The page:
Thanks for putting your reflections out there. While I'm a bit biased to the "locals" opinions, I think I learned the most by watching from your perspective.

  2. diane // July 5, 2008 at 8:41 AM  


    I had similar experiences connecting with people, mainly in the Bloggers' Cafe.

    The beauty of face to face interaction is that you have all types of sensory input to help you determine whether or not the person you've approached is interested in engaging in an extended conversation.

    Some people were obviously rushed, others polite but disinterested in talking - and that's fine. The satisfaction was in finding that there are kindred souls in unexpected places. Those chats were worth the price of admission, in my opinion.

    Nice to have met you!

  3. eplybon // July 5, 2008 at 10:53 AM  

    I agree, it was certainly nice to be able to meet the people I've followed and worked with over the last year. It was an eye-opener in some cases, when I realized that people who seemed extremely friendly online were a little stand-offish in real life. Perhaps they were just like me and a little shy about putting themselves out there. At any rate, it was great to meet people and I look forward to next year! (or about 10 days from now for the DEN LC institute-goers!)

  4. injenuity // July 5, 2008 at 11:10 AM  

    I'm so glad you were able to get our of your comfort zone and meet some fantastic people. I'm sure it will continue to be rewarding for you. I'm also not the type of person to just walk up to people and introduce myself. I can blabber online all day, but unless someone engages me in a conversation, I usually keep to myself. I can't wait to hear more about how your relationships grow!

  5. Jennifer // July 5, 2008 at 2:39 PM  

    I am glad I could help -- in a very small way.........

    just wished I had been there, I could have introduced you to sooooo many more.

    And never let the people you "know" (by blog or by twit) ever intimidate you or seem unapproachable. They were newbies once themselves and if they are genuine, they will be gracious, even if they are busy!!

    Hope to "see" you again soon.

  6. Lee // July 5, 2008 at 7:40 PM  

    I'm surprised to hear you felt intimidated because you appeared so comfortable and in your element everywhere I saw you. I listened quite a bit while in the Bloggers Cafe and I assure you, you are far more personable than many of the "big names" I encountered. Your blog remains at the top of my blogroll.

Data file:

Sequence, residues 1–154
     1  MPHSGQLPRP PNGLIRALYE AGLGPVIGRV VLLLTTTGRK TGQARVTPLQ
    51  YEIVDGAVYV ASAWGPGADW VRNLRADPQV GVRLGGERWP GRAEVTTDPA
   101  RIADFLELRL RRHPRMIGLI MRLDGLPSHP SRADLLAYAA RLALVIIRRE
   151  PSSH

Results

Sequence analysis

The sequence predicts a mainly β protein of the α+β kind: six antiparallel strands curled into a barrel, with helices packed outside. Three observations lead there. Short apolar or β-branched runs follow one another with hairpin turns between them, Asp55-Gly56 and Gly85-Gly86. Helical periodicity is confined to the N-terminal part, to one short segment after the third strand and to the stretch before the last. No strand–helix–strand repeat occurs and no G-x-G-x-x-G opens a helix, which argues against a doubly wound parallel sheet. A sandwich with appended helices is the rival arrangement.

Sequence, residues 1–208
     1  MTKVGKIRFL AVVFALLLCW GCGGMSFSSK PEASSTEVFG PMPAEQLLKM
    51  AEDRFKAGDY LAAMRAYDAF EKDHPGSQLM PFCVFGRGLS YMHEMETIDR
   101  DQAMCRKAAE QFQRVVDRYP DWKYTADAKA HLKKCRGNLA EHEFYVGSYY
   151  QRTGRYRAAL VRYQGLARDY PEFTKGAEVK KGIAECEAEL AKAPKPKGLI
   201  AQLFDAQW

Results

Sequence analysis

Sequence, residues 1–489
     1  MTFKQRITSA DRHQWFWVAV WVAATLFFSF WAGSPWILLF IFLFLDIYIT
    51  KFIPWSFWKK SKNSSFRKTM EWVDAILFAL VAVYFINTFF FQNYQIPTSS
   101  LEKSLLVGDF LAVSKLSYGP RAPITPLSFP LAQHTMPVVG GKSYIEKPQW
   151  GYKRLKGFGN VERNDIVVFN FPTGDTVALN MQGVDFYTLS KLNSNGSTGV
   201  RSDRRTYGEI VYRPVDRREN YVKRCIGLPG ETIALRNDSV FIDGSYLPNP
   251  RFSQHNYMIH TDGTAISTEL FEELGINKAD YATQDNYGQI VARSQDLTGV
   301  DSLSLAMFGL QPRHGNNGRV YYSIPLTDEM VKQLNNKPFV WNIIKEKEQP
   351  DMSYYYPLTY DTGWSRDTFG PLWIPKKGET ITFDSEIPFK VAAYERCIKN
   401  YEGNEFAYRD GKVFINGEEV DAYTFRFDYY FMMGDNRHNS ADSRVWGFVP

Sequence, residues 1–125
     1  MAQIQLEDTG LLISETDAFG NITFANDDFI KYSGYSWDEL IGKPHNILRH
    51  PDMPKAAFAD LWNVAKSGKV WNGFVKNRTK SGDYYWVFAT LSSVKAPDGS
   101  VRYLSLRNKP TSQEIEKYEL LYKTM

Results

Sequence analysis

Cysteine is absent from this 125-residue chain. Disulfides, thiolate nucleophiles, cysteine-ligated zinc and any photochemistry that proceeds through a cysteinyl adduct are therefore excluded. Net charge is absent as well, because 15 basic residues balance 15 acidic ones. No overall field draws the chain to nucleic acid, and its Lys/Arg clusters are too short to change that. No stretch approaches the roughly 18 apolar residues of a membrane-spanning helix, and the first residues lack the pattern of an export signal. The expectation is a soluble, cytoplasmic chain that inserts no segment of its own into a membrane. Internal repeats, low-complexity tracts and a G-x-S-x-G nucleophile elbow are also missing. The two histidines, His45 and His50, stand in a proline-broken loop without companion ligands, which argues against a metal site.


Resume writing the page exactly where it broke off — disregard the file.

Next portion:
As for the "I follow you on Twitter" comment. I feel the need to jump in here, and eventually when I get to my own blog post on NECC, I'll address it there too. I heard David Jakes say this and I understand why he said it, but I believe he has an issue with Twitter. I don't think he would feel the same way if someone said, "I know you because I read your blog," or "My child was in your class," or "You helped my grandmother cross the street."

    Point being, even he must admit that's how people make connections to each other when the meeting is not random.

    I had people come up to me and tell me they follow me on Twitter and I was honored. I definitely approached people and told them I followed them or read their blogs or heard them speak. I also tried to speak specifically to a topic that impacted me.

    Everyone needs to do what's right for themselves and what's so terrific about my PLN (of which you are a part) is that we are all so accepting of each other while being so diverse.

    Great post. You've raised the bar... now it's going to take me even longer to write my post!

  7. Cory Plough // July 5, 2008 at 8:34 PM  

    Hey Chad - Great post. A lot of what you talked about I experienced as well. I agree with you about it being our positions that determine some of the leadership, but I also think it has to do with time.

    These guys connected years ago online and began sharing ideas back then. A lot of us are fairly new (year or less) to blogging on a large scale, microblogging, and presenting at conferences about the ideas we discuss on a daily basis in our PLN's.

    Also, I think that there is plenty of room for us to lead. Even if we don't organize K12 Online, or EBC, we can organize in our spheres. We can lead teachers who are coming in behind us. The point of all this is to build awareness for educators and help make school better and more relevant for students.

    I definitely sense a little elitism, and that's fine, these guys are awesome! and making a major difference!! But we all can too, it just might look a little different which is great. Al I want anyway is for more of my at-risk kids to graduate and learn.

  8. Mrs.A // July 5, 2008 at 11:47 PM  

    Wish I spent more time in the blogger cafe to just talk to everyone. I seemed to still try to take in as many sessions I could, walk the exhibit hall and seemed to be pulled in so many directions. I was happy to at least meet you. It would be great if you could come down to the ICE conference. We'd love for WI educators to share their successes and network with IL educators.